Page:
Raleigh parks bond recommendations a ‘travesty’ for one part of city, says councilman

Anna Johnson
·5 min read

A list of possible projects for a Raleigh parks bond gives one part of the city “the short end of the stick,” its City Council representative said this week.

“I appreciate the work that was done by everyone, but I have to admit, this is a travesty for District B,” Council member David Cox said. “I cannot support the recommendations for District B because frankly there aren’t any recommendations for District B that meet the priorities of the community.”

The City Council is debating a parks bond for the next municipal election. It asked the Parks, Recreation and Greenway Advisory Board to recommend park expansions and improvements and reviewed those suggestions Tuesday.

The recommendations, totaling $200 million have not been finalized by the council yet. District B, the northeast portion of the city, has only one named project among two dozen named recommendations.

David Cox
David Cox

“I am really disappointed in what has come out of this process,” Cox said. “District B is a diverse district, and I think there are parts of District B that are underserved. And, if this were to go forward, it will be many years before any parts of District B are able to be served with regards to parks.”

“So I am very disappointed with what has come out of this process, and I think the residents of District B are getting the short end of the stick,” he said.

What is the District B project? The one project specifically mentioned in District B is a whitewater park at the Falls Dam on the Neuse River. Cox isn’t against it but said he is concerned it won’t be approved because of potential environmental impacts.

“I view the white water park, should approval be granted, as not only a city-wide facility but also as a regional facility,” Cox said in an email to The News & Observer Wednesday. “It should not be viewed as a District B park anymore than Dix (Park) is viewed as a District D park.”

District A, which makes up the central, northern part of the city also has one named project. Council member Patrick Buffkin, who represents the area, said this is just the “start of the process, not the end.”

“We are now shifting to a phase where the onus is on council to put together a bond package that voters will approve,” he said. “So there is still a lot of work ahead.”

What else is on the project list? Other proposed improvements include an expansion of the Biltmore Hills Tennis Facility, the second phase of construction at Chavis Memorial Park and a new trail through Barwell Road Park.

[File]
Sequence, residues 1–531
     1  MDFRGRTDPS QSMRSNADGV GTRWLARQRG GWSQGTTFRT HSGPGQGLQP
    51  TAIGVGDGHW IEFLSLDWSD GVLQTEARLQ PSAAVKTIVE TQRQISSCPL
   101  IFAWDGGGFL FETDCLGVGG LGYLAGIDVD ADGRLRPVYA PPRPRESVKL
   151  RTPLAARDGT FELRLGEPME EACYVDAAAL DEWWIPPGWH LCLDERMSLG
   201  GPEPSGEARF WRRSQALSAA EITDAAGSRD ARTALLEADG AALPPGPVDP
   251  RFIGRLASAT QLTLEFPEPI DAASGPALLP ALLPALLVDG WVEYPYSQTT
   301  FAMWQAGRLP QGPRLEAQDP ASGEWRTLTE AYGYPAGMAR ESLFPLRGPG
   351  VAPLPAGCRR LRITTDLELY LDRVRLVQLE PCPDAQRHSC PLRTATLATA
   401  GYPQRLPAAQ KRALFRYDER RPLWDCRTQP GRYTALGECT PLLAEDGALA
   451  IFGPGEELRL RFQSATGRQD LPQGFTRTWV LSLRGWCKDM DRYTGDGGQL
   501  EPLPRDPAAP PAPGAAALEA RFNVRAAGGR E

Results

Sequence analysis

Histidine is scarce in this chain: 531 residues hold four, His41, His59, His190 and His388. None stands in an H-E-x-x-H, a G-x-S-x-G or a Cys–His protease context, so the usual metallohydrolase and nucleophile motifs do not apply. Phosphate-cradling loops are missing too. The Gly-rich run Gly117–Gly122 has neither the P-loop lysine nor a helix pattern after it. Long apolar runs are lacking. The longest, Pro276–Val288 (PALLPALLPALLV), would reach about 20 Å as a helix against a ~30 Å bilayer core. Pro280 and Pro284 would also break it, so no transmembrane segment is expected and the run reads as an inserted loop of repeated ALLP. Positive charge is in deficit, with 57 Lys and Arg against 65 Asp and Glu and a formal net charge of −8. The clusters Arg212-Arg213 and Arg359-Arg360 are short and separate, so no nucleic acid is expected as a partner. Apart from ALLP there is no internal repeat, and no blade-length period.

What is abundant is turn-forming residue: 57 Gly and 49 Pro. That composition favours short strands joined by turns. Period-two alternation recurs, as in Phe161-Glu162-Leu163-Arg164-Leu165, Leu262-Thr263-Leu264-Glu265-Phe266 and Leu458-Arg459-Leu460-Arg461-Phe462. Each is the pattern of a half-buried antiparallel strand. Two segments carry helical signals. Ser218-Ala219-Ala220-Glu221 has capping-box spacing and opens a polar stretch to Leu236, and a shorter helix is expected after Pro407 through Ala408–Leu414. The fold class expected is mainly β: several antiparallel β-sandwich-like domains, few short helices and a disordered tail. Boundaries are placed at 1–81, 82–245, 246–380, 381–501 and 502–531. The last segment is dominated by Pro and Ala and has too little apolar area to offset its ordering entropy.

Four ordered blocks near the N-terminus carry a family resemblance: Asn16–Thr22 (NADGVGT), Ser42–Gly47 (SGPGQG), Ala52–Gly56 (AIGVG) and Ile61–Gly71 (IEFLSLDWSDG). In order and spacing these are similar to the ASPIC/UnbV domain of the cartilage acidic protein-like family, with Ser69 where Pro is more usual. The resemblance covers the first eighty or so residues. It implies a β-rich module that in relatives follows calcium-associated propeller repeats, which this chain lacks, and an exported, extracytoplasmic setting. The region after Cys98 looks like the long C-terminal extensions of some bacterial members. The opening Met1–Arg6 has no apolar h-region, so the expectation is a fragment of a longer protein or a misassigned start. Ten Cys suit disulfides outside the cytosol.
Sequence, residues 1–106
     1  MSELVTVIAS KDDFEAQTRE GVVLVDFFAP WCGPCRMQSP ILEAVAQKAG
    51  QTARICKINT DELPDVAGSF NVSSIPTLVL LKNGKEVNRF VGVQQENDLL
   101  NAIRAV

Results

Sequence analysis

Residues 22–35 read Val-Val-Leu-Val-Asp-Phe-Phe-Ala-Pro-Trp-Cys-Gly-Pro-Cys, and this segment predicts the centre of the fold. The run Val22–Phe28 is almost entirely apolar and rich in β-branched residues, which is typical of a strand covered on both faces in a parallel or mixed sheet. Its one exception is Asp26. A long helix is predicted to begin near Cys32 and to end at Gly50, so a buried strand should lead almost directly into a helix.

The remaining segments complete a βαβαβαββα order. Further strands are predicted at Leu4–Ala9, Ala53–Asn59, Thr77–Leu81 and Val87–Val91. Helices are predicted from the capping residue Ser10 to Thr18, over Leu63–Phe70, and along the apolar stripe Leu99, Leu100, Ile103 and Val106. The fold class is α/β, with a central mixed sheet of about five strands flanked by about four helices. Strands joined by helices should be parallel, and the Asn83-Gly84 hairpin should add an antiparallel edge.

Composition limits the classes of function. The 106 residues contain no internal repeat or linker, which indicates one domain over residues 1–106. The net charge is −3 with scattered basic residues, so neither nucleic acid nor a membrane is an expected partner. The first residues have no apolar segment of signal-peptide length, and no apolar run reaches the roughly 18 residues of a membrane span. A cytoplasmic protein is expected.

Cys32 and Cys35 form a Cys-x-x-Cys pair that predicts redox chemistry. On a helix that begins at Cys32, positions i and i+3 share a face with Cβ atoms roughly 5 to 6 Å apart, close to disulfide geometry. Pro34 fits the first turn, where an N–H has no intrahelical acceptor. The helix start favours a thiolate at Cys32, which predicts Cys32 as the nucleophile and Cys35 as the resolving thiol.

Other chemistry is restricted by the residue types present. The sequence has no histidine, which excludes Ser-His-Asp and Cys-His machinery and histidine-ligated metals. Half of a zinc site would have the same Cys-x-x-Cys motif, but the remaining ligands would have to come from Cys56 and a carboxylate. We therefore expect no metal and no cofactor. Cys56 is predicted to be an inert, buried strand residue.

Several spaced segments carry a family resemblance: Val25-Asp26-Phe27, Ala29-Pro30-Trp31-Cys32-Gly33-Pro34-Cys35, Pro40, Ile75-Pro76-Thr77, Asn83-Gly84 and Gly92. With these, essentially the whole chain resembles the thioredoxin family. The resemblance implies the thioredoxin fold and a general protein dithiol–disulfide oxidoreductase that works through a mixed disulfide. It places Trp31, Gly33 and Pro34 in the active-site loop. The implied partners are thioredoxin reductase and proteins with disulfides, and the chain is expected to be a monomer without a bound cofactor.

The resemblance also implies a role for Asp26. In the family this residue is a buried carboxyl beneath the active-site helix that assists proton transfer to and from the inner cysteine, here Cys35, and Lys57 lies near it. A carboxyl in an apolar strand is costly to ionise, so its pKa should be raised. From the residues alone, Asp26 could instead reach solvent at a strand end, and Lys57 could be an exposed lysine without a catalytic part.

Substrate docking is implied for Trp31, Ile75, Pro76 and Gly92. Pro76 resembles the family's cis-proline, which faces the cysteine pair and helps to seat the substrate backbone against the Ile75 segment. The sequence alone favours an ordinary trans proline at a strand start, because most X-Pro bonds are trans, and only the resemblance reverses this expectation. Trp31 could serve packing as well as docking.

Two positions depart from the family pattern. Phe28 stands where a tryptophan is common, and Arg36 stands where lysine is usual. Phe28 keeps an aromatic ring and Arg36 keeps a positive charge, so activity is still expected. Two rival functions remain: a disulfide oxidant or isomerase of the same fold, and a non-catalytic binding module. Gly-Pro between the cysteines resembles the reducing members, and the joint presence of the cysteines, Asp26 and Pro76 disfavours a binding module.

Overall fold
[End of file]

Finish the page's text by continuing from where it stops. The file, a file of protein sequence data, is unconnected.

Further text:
The list also includes playground improvements or park improvements for about 24 locations, but only one is in District B. A majority are in southeast and southwest Raleigh.

“I just want to thank you and the board’s work, and also to your attention of equity,” Mayor Mary-Ann Baldwin told Jennifer Wagner, chair of the parks board. “We have a number of facilities and parks that have been under-invested in over the years and it is clear you looked at that.”

Has Cox expressed concerns before? Yes.

Baldwin originally pitched a bond package in late 2019, calling it a “moon shot” that would include bonds for affordable housing, Dix Park and the city’s other parks.

In February 2020 the City Council asked the parks board to develop a proposal. Buffkin, who made that motion, also included a caution.

“To protect the integrity and fairness of the process, I encourage Council members to refrain from attempting to influence the parks board or commenting on specific projects until we receive the Parks Board’s recommendations,” he said.

Cox objected to that comment and later sent the parks board a list of District B parks with partially implemented master plans, parks in need of renovation and tracts of land slated for future parks.

Baldwin asked the parks board to “disregard” the message.

“The motion approved by the Council asks that no council member attempt to influence the parks board in its deliberations and decision making,” she said in a Feb. 28, 2020, email. “In the meantime, I would ask each council member to honor the approved motion and respect the process outlined and approved by the Council.”

Cox responded saying “Once again the mayor is wrong” and the parks board should ignore her advice.

“The information being passed along was simply factual — a list of parks and their current state of development,” Cox said in a follow-up email. “She interprets this as ‘influence.’ Indeed, the influence being asserted is by the mayor by attempting to prevent this information from reaching members of the parks board. It is very disappointing to see the heavy handed approach that the Mayor has been taking this past month to exclude me from decision making and ensuring that citizens do not have a voice.”

The parks bond was eventually put on hold in 2020 due to the COVID-19 pandemic.

What happens next? The City Council will discuss the parks bond at its March 12-13 retreat at the Raleigh Convention Center. It will be streamed online.

Is there definitely going to be a bond? The council has to formally vote to put a referendum on the ballot, but it’s likely.

Has an amount been determined? No, and the projects have yet to be finalized.

When does that have to happen? The City Council has until May 18 to vote on a bond under the current election schedule. However, a delay in releasing U.S. Census data may push back the 2021 election, and the deadline may change.